Why would a country want to buy mountains of garbage? Sweden does

Why would a country want to buy mountains of garbage? Sweden does

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By Cristina Bisbal Delgado

In recent years, Spanish society has witnessed - and participated in - an almost radical change written with recycled material. Almost without realizing it, in just a few years, we have managed to make the gesture of separating waste absolutely natural and everyday. And the benefits of this transformation are beyond question. It is possible that one of the reasons for the success of waste separation has to do with the simple system that has been imposed in our country. Óscar Martín, CEO of Ecoembes, tells it: “In Spain we basically have four containers: yellow for plastic containers, cans and tetrabrik; blue for paper and cardboard; green for glass containers; and orange, gray or brown - according to the municipality - for the rest of the waste that does not go to the previous ones ”. Almost all European countries have a similar system, but with peculiarities. These are some of the most curious.

Belgium: each garbage bag, 2 euros

It is probably the most envious case, because it is the European country that recycles the most packaging, an example to follow. Its system —for colors and types of packaging— is very similar to Spanish, but with variations that complicate things a bit. The garbage bags are official (not just anyone is worth it), they are not cheap (between 1 and 2 euros, depending on size) and there is a color for each type of waste. Also, they cannot be removed to the container just any day. If you err in the color or the day, you can get fined ...

Germany: the bottle is returned

In addition to the container system, there is another that is only valid for recycling beverage containers: the deposit, return and return system (SDDR). Citizens pay a tax when they buy this type of packaging that is returned to them only if they deposit them in perfect condition in machines located in the supermarkets where they bought them. It is not comfortable for users and entails high costs for businesses, which is why many countries have discarded them. This is also the case in Sweden.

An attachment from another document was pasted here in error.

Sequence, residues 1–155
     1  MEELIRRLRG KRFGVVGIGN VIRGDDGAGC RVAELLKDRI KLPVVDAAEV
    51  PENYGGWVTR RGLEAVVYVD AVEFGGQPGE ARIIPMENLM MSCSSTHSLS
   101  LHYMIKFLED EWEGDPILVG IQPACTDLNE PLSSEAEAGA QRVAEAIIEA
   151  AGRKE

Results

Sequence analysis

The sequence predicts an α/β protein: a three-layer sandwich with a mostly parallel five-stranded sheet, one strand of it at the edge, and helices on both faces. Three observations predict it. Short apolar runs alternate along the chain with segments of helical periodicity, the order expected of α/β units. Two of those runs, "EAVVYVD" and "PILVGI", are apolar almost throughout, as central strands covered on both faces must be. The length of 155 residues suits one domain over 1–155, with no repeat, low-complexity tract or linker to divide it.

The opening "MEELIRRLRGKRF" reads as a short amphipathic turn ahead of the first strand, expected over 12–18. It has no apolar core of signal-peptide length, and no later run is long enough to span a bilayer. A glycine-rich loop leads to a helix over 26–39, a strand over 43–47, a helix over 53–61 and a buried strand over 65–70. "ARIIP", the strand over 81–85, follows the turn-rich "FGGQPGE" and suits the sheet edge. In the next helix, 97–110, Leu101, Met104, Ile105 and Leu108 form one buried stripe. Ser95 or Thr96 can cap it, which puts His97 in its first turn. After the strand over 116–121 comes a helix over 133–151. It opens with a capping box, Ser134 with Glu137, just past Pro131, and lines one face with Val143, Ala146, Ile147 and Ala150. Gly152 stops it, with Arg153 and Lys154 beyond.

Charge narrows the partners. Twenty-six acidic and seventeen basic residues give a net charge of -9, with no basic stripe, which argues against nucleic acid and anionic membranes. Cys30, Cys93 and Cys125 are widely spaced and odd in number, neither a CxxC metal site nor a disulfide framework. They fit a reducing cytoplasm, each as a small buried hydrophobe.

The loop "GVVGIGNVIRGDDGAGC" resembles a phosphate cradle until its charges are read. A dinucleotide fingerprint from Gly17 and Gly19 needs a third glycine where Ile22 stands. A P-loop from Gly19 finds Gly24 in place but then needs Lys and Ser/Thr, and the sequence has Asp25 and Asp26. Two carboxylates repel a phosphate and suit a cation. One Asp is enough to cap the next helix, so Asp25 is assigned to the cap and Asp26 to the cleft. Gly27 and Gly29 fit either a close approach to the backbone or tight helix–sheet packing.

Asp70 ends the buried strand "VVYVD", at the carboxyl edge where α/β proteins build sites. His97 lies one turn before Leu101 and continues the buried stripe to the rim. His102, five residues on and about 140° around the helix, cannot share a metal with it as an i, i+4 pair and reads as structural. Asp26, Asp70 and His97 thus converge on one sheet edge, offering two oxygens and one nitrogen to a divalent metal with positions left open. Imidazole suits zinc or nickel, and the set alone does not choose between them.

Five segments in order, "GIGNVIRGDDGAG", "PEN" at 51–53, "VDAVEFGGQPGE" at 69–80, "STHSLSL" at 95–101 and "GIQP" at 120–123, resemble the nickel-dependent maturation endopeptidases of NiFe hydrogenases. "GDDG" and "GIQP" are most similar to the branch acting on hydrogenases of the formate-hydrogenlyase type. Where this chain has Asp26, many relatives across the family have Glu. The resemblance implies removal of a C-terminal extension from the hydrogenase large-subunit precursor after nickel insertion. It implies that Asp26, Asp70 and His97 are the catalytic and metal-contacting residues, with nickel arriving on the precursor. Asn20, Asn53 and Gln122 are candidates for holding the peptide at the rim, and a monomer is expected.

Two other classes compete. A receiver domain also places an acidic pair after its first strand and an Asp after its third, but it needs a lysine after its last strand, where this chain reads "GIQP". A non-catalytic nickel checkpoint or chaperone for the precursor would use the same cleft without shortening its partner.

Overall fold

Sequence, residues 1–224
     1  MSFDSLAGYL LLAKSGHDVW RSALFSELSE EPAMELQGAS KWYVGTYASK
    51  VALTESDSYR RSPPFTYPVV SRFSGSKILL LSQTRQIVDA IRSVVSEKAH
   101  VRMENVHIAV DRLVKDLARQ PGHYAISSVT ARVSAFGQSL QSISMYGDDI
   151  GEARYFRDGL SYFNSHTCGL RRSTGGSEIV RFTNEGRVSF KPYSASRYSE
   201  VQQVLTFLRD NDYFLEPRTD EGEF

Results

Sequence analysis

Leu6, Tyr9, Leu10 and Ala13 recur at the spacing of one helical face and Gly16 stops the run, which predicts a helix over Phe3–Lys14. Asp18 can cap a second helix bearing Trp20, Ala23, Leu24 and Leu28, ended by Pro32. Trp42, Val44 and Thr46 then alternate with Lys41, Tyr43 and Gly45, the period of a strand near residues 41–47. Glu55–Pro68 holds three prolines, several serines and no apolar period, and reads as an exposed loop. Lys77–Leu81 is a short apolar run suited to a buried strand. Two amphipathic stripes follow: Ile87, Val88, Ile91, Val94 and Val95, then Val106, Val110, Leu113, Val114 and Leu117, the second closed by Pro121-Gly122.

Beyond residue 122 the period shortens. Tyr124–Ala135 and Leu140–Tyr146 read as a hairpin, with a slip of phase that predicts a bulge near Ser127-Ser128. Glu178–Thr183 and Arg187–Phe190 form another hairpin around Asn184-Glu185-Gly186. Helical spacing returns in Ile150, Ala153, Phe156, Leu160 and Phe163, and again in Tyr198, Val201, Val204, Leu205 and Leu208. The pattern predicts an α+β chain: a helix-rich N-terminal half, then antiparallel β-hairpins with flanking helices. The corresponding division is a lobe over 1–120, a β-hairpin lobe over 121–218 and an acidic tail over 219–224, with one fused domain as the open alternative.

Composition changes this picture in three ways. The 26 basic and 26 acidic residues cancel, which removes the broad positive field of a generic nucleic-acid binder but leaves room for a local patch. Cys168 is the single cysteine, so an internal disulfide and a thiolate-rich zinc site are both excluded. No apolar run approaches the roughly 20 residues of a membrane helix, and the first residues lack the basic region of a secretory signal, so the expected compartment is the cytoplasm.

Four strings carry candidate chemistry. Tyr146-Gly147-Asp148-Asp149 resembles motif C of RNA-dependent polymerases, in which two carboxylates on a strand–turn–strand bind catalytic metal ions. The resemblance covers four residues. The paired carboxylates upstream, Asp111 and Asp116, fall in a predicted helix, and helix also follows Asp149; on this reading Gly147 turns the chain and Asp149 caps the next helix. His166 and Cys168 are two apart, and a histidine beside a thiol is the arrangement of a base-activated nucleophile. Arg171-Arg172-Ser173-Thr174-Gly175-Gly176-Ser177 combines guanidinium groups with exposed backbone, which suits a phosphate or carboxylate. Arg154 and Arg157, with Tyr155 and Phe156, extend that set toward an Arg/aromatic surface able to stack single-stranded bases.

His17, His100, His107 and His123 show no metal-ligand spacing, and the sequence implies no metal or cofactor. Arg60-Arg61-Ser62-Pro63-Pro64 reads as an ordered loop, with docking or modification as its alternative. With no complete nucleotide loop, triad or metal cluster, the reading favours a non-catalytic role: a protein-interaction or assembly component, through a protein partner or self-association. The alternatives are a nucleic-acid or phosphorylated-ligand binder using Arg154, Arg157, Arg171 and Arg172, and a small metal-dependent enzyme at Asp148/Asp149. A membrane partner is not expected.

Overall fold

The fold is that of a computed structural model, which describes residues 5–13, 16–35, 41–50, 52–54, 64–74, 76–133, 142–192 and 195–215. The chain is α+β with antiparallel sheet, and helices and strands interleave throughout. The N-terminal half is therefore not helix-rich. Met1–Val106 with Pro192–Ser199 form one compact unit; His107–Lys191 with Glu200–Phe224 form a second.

Sweden: import garbage from others

They can boast that only 1% of the domestic garbage produced by their citizens ends up in landfills. They have achieved this with a system called, in its acronym in English, WTE —Waste To Energy, something like garbage to energy. Waste is transformed into energy by incinerating it with a filter system that is less polluting than most. Such has been the success of the method that, in 2012, they began to import garbage from other countries.

Switzerland: not all glass is the same

The glasses must be separated by color. The reason? Colored glass cannot be made transparent again. In other words, only other colored bottles are manufactured with green or amber bottles.

Japan: put order in their waste

Its inhabitants must clean the bottles and remove the labels before placing them in the container. Plastic containers and tetrabrik's should be folded and stacked so that they take up less space.

UK: they stick to a calendar

It does not have a unique container color code. Each City Council decides its own, so one must inquire before throwing the garbage into the containers. It is also convenient to ask the day that the garbage truck passes, because that is when the bags must be transferred to the bins.

The country

Video: Sweden becomes first country to recycle waste into electricity (June 2022).


  1. Raymond

    I don't know that here and say that we can

  2. Bellamy

    I don’t know about my parents, but I’ll probably take a look. ... ...

  3. Faukree

    Certainly. All above told the truth. Let's discuss this question. Here or in PM.

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